US life insurers siphon off billions meant for affordable housing
Sector cashes in by investing money borrowed from Federal Home Loan Banks
New York — Big life insurers are accessing cheap funding at record levels from a US government-backed financing system, sapping billions of dollar meant to help increase affordable housing, interviews with executives and regulatory disclosures show.
When Federal Home Loan Banks (FHLBs) were created in 1932 after the Great Depression to finance firms that offer home loans, insurers were granted access to this system because they provided mortgages.
They stopped providing mortgages in decades that followed as they became a sector distinct from banking. Starting in 2008, they have been aggressively drawing on FHLBs, arguing they support housing because they invest in residential mortgages and related securities.
The extent to which FHLBs finance insurers has not been previously reported. Interviews with more than a dozen sector executives and regulators, a review of regulatory disclosures and data show this borrowing has not been matched by a rise in home loan affordability, with the cost of mortgages soaring to its highest in 23 years.
The practice has been lucrative for insurance firms that have locked in billions of dollar in profits by investing the borrowed money in areas such as commercial real estate mortgages and corporate and government bonds. It has been used predominantly by life insurers, because they need to boost their investment returns with cheap funding to meet long-term liabilities.
FHLBs typically have a cost of borrowing lower than what is otherwise commercially available because these banks enjoy an implicit US taxpayer-backed guarantee on their debt. They provide the cheap funding to banks and insurers in exchange for collateral to ensure they get their money back.
A spokesperson for the Federal Housing Finance Agency (FHFA), which oversees the FHLBs, declined to comment specifically on insurers tapping FHLBs, but said the regulator is considering implementing new requirements for borrowing from FHLBs to ensure the support of housing and community development. They declined to provide more details.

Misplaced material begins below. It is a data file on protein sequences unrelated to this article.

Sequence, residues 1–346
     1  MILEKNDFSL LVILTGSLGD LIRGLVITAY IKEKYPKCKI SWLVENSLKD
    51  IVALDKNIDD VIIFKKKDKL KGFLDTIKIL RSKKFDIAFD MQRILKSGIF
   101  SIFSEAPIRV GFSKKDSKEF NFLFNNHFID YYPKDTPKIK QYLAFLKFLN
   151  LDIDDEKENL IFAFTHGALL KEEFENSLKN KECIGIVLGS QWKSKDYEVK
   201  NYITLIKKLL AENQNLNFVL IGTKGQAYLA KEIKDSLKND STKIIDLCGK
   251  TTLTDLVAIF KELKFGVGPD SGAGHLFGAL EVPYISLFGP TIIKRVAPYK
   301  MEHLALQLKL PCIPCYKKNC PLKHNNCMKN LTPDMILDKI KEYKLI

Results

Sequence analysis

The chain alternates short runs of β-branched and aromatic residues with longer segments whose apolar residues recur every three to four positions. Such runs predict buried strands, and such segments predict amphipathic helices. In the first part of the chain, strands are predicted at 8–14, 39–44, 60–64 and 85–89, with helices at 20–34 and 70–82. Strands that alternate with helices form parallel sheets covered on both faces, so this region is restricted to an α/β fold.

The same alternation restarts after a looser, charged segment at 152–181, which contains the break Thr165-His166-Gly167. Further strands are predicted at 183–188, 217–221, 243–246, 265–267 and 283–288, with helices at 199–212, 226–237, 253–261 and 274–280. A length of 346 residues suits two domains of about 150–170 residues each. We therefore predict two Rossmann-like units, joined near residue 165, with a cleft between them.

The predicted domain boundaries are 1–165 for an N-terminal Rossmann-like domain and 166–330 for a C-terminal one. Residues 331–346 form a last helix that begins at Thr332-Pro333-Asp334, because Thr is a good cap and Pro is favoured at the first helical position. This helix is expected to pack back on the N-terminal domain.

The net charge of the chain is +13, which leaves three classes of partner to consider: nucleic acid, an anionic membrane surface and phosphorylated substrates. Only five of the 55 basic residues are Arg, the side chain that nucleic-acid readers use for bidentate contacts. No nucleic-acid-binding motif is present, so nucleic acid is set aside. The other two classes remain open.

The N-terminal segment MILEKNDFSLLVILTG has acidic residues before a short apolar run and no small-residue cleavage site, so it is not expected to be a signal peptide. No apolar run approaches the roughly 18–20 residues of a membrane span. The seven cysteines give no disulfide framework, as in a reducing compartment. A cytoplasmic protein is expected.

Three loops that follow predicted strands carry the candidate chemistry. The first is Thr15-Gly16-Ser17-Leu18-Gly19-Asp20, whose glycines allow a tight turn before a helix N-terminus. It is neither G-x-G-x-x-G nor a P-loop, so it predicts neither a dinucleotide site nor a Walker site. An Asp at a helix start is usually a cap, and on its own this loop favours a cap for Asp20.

Ryan Donovan, president and CEO of the Council of Federal Home Loan Banks, a trade association for FHLBs, said the banks have “abided by the will of Congress” to provide liquidity and support affordable housing.
FHLBs lent a record $137.1bn to life insurance firms last year, building on a trend that started about 2008, according to the FHLB office of finance.
Yet the sector’s investments in home mortgages have dropped. National Association of Insurance Commissioners (NAIC) data shows that insurance companies have been buying fewer residential-backed mortgage securities, which boost liquidity in the home mortgage market, while purchases of commercial-mortgage backed securities have been steady.
In 2022, life insurance companies bought $193.1bn in residential-backed mortgage securities, down 6% from $205.3bn in 2021, as soaring inflation soured their appetite to invest more. In contrast, their appetite for commercial-mortgage backed securities remained steady, with purchases totalling $203.6bn in 2022, almost flat compared with $204.7bn in 2021.
Lawrence White, an economics professor at New York University who recently co-authored research about FHLBs, said insurers do not need to borrow from FHLBs to invest in mortgages in the first place.
“It’s an artefact of the 1930s that insurance companies are part of the FHLB system,” said White.
MetLife, Equitable Holdings, TIAA, Corebridge Financial and Brighthouse Financial are among the insurance firms that are prolific users of FHLB funding, their regulatory filings show.